By: Louis Erlanger, Guest Contributor
The laws of physics dictate that if you are not mobile you are not going anywhere. A similar law governs survival for modern day software development careers in New York and the rest of the country.
Mobile development is the place to be to remain viable.
So what do you do if your experience is limited to PCs, networks and the web? For Microsoft developers, clearly the smoothest transition is to Windows phone and tablet development. The C# and VB languages are fully supported, and development can be done within the familiar Visual Studio environment. The official Windows Phone website is http://developer.windowsphone.com, and it contains a wealth of tutorials to get you started.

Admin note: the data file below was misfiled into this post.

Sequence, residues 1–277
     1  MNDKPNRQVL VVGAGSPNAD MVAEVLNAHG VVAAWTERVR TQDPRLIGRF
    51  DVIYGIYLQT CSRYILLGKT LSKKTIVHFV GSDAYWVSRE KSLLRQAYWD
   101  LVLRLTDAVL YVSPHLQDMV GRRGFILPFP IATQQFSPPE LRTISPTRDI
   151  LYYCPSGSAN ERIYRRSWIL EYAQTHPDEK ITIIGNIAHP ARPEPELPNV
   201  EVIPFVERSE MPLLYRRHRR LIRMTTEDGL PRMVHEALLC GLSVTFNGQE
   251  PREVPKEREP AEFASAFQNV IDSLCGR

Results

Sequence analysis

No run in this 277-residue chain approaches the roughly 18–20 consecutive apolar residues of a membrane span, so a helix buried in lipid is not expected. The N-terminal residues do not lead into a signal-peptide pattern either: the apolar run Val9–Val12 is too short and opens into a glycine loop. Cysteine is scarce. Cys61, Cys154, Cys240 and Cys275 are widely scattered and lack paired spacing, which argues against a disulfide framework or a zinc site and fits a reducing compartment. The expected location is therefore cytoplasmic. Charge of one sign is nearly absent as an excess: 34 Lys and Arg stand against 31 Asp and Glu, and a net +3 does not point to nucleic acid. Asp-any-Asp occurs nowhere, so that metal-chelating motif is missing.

But here’s the dilemma: Windows phones and tablets are currently only a small piece of the mobile pie. iOS and Android phones and tablets currently rule the mobile world. So how does a Windows developer reach the rest of the pie?
1) Mono: The easiest option is to work with an open source framework called Mono. Mono allows a developer to create apps for all three platforms using C#. While this may seem like an easy way to go, there is a tradeoff: apps generated by Mono may run slower than native apps. Mono can be downloaded at http://www.mono-project.com, and the website also includes full documentation and tutorials.
2) Adobe Flex: A second option that also falls into the “path of least resistance” category is Adobe Flex, an open source framework for building mobile apps that work on both iOS and Android, as well as on the Blackberry. Again, your resulting apps may be a bit slower than native apps. Information and a downloadable SDK are available at http://www.adobe.com/devnet/flex.html.